CDL renewals now require this bit of registration and training. The training and registration are only available online. Registration requires entry of an email address.

Now, a large part and possibly the majority of CDL holders are long-haul truckers. Ponder this a moment. Email? Internet connection? Huh? Yes, some do - some post regularly, and a few even get online over wireless connnections. But for most that's not something they have or are used to having.

The libraries of Georgia - everyone's favorite place for computer access when you don't have your own - weren't warned of this little exercise. Most of them are like us - desparately short of money, and not in a position to train folk in how to use a computer, how to register email, how to follow links, and so on and so forth. Oh, we managed, but it's been a fascinating struggle and lesson in poor planning on someone's part.

Rule one: unless the position implies connectivity, computers as a sole source of processing are a mistake. Manual processing - though usually slower - should still be available.

Rule two: Don't blindside the people who have to do the work. It makes the customers mad at us - and we're smart enough to point them at the people responsible in the first place. More importantly, it meant that we weren't ready for the first handful through the door - and for most CDL drivers, the longer they're away from the vehicle the less money they make.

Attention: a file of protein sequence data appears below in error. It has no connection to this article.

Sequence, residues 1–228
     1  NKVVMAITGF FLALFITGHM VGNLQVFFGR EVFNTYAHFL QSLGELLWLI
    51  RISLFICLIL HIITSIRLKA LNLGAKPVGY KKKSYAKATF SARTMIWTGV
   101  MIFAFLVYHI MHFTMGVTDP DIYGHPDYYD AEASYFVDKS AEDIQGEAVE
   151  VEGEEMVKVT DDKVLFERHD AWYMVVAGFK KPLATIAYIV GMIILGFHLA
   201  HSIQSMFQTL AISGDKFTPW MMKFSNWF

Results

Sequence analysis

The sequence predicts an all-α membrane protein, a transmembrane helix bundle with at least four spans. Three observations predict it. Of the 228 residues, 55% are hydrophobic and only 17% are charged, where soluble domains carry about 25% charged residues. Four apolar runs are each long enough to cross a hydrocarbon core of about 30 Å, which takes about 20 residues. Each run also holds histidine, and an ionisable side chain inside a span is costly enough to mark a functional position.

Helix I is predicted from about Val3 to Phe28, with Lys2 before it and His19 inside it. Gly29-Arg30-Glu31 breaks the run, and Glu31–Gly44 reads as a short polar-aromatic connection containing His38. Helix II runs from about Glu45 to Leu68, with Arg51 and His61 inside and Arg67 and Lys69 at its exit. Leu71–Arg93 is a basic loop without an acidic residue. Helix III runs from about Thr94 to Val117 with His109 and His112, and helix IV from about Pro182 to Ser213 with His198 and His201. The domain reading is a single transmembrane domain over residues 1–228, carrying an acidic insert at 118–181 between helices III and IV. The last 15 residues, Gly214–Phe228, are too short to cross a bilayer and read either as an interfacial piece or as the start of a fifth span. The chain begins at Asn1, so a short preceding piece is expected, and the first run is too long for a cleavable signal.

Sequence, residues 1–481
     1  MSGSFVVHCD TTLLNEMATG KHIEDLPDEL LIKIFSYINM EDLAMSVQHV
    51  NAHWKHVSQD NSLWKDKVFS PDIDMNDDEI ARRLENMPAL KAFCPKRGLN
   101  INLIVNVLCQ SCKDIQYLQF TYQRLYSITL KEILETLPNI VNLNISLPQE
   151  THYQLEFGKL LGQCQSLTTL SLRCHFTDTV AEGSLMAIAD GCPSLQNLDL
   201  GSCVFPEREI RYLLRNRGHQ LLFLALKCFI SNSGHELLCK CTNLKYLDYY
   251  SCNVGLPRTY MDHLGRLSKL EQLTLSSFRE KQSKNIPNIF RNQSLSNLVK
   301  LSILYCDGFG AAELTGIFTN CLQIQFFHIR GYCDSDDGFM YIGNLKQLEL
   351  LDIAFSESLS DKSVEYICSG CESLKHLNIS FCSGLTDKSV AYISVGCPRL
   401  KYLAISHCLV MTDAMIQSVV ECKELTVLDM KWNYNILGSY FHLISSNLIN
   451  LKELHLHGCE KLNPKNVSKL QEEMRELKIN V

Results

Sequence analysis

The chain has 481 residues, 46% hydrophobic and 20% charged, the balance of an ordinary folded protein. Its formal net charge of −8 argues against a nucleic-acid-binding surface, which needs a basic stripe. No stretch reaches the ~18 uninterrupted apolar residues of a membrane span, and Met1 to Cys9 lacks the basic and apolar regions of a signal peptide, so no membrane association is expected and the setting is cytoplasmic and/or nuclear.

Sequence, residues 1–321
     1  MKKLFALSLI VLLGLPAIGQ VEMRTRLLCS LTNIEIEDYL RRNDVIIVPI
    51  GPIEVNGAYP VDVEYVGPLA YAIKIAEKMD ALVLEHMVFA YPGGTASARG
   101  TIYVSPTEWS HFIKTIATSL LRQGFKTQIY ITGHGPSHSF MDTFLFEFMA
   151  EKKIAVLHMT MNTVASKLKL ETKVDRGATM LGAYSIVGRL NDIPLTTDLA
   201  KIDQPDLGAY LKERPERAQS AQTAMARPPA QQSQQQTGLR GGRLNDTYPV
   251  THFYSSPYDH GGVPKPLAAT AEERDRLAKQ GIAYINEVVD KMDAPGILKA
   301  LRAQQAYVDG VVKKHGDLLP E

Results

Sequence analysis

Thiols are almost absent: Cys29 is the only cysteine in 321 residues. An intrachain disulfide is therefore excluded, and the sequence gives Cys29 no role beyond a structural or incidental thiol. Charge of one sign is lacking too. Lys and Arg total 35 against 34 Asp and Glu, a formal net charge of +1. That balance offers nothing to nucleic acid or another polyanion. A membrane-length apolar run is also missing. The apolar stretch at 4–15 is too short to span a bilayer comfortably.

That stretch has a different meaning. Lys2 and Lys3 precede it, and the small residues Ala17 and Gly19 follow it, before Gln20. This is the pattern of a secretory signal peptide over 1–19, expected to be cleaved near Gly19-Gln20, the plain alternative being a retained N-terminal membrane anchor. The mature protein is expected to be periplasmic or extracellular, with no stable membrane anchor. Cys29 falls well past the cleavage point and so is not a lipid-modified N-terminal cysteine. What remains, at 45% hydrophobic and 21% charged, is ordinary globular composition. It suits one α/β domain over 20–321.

I suspect that the vetting process stayed within the bureaucratic circle and nobody who actually had to do the stuff got involved. But since I don't know that I can't say "pretest to destruction - intentionally choosing BAD customers instead of SAVVY ones." But I think that should be rule three anyway.


I still think we will have a military conflict with Iran before the November elections. I am almost 100% certain we'll have one before Mr. Bush leaves office, but I'm about 95% certain it'll come before the elections.

I am certain we're in the leading edges of a depression. That is, a period of two or more quarters of flat or declining GDP. This is before the effects of the first prediction are worked in. The leading cause of the depression is the increasing cost of necessities - energy and food especially - and will have strongest supplementation from the unemployment resulting from the housing bubble deflating (at best plateauing, at worst blowing up).